The defendant's argument is that if Paul Cohen used the ladder by leaning it against the wall so that it was supported on only two of its legs, there was a misuse of the ladder and, consequently, there could be no liability. That position is untenable. The problem presented cannot be resolved by a mere determination of the way in which such a stepladder is ordinarily used. Rather, the test is whether it was reasonably foreseeable that the students to whom the ladder was supplied for a particular purpose would be likely to use it in the manner in which a ladder having only two legs is employed. (See Yecny v. Eclipse Fuel Engineering Co., 210 Cal.App.2d 192, 197, 26 Cal.Rptr. 402; Mertes v. Atchison, T. & S. F. Ry. Co., 206 Cal.App.2d 64, 69–70, 23 Cal.Rptr. 320; Phillips v. Ogle Aluminum Furniture, Inc., 106 Cal.App.2d 650, 653–654, 235 P.2d 857.)
In the present case the trier of fact could properly draw the inference that the defendant should have anticipated that the students, in the course of reaching high on the wall to attach decorations by use of tape or to hang articles on hooks, would be likely to use the ladder by leaning it against the wall on two legs so as to facilitate their work, and that it was probable that a bystander, such as the plaintiff business invitee, would be injured by reason of the slipping of the ladder on the smooth ballroom floor if some antislip device2 or precaution was not employed, and that it was probable that the students would fail to take such precaution. The Supreme Court stated in Richardson v. Ham, 44 Cal.2d 772, at page 777, 285 P.2d 269 at page 272: “If the realizable likelihood that a third person may act in a particular manner is the hazard or one of the hazards which makes the actor negligent, such an act whether innocent, negligent, intentionally tortious or criminal does not prevent the actor from being liable for harm caused thereby.' Restatement, Torts, § 449; McEvoy v. American Pool Corp., 32 Cal.2d 295, 298–299, 195 P.2d 783; Benton v. Sloss, 38 Cal.2d 399, 405, 240 P.2d 575.'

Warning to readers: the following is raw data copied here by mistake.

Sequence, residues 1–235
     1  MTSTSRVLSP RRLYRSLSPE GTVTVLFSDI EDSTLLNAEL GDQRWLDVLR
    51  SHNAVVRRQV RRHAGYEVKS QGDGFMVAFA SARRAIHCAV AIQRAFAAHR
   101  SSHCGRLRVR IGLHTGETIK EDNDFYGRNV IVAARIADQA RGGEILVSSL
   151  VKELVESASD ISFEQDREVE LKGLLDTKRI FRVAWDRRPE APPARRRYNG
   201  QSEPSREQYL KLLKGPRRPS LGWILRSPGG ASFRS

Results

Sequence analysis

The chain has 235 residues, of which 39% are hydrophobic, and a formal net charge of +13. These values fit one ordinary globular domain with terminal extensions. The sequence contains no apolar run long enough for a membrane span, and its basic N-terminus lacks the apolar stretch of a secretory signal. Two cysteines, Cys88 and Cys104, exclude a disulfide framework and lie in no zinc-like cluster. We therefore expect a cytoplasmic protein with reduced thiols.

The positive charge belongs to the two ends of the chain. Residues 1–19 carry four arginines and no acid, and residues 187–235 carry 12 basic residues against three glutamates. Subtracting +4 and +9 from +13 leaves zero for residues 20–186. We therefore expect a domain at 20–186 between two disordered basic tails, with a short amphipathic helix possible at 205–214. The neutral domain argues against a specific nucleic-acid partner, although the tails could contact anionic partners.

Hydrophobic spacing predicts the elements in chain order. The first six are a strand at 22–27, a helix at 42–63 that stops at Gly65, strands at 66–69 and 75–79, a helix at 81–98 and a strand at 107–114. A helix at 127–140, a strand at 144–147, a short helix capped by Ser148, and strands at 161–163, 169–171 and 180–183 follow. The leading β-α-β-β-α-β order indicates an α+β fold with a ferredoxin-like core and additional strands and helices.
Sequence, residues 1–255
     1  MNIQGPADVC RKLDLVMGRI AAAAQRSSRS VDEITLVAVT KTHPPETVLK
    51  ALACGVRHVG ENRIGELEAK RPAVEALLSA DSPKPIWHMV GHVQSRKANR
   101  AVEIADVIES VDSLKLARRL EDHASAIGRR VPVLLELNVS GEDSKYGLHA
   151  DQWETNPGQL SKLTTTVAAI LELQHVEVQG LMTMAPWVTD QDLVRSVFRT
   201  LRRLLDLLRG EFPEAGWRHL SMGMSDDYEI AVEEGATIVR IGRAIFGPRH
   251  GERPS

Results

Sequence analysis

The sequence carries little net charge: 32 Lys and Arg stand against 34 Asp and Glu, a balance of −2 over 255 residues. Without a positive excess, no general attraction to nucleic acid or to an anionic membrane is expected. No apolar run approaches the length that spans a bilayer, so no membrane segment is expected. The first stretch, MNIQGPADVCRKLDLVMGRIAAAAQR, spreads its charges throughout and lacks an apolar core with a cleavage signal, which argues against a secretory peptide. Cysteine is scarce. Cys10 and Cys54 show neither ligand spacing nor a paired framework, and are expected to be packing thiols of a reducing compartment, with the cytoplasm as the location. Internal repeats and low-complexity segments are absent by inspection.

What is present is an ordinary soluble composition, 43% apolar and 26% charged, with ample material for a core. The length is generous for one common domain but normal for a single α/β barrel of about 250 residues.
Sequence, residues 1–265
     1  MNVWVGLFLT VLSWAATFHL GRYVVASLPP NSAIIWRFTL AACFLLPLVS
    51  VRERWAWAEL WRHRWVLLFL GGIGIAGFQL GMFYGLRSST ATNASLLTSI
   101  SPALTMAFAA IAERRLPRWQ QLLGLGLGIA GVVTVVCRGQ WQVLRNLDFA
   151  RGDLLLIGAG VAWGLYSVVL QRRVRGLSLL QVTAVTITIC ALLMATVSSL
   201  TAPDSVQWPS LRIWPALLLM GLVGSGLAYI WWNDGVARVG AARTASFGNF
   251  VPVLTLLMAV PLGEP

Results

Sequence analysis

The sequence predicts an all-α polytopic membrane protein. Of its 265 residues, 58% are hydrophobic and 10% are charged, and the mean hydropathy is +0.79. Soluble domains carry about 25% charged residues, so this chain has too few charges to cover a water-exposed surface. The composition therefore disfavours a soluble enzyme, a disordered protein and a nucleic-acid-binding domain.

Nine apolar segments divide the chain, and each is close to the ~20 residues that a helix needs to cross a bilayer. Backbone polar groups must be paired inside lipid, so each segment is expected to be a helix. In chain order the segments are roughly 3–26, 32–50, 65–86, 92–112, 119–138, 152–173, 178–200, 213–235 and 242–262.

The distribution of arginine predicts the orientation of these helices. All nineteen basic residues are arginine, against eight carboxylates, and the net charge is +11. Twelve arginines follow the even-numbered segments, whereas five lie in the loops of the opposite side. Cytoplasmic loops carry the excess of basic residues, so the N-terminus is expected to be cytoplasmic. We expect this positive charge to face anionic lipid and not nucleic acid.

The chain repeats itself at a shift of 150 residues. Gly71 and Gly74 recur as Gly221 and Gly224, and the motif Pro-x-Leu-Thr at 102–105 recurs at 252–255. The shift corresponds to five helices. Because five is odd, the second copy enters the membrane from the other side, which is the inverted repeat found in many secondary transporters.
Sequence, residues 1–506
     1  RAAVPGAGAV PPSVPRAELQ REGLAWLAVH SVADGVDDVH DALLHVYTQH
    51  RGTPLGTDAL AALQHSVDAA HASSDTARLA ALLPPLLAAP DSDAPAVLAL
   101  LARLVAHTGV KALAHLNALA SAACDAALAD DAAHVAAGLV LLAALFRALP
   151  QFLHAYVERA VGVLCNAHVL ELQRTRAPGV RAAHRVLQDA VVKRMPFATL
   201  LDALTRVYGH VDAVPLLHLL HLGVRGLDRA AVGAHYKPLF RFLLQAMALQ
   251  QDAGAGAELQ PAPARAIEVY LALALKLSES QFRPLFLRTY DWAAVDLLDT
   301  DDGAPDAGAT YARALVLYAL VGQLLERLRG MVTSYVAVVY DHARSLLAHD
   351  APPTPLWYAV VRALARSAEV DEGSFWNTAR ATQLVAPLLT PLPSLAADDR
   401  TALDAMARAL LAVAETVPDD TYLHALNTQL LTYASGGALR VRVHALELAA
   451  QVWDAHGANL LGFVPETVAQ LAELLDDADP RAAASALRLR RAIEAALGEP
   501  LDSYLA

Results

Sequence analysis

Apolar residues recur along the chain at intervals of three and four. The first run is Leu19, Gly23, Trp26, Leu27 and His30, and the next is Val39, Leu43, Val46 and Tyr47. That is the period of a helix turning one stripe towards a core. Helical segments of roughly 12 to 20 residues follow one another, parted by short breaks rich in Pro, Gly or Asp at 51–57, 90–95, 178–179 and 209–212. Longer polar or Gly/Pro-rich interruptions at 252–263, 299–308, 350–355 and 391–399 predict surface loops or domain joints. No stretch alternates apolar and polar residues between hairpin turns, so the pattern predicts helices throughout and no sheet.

‘Where there is uncertainty as to the existence of negligence the question is not one of law but of fact to be settled by the jury; and this is so whether the uncertainty arises from a conflict in the evidence or because fair-minded men will honestly draw different conclusions from undisputed facts.’ (Johnson v. Nicholson, 159 Cal.App.2d 395, 409, 324 P.2d 307, 315.) Because of the instruction set forth hereinabove the plaintiff was deprived of an opportunity to present fully to the jury the issue of liability. Such error of law justified the granting of a new trial. (See Los Angeles City High School Dist. v. Kita, 169 Cal.App.2d 655, 664, 338 P.2d 60.)
It is not necessary to consider other matters relating to the jury instructions which the trial court also determined to constitute errors of law. The problems involved are not likely to present serious difficulties upon a retrial.
The order is affirmed.
1. In its memorandum the court stated in part: ‘The error inherent in these instructions was further compounded by the special interrogatories submitted to the jury, which carried the implication that if the jury found the ladder was used in a closed position they must necessarily find for the defendant.’
2. The antislip device to which reference was made in the course of the trial consisted of rubber tips on the legs.
SHINN, P. J., and FILES, J., concur.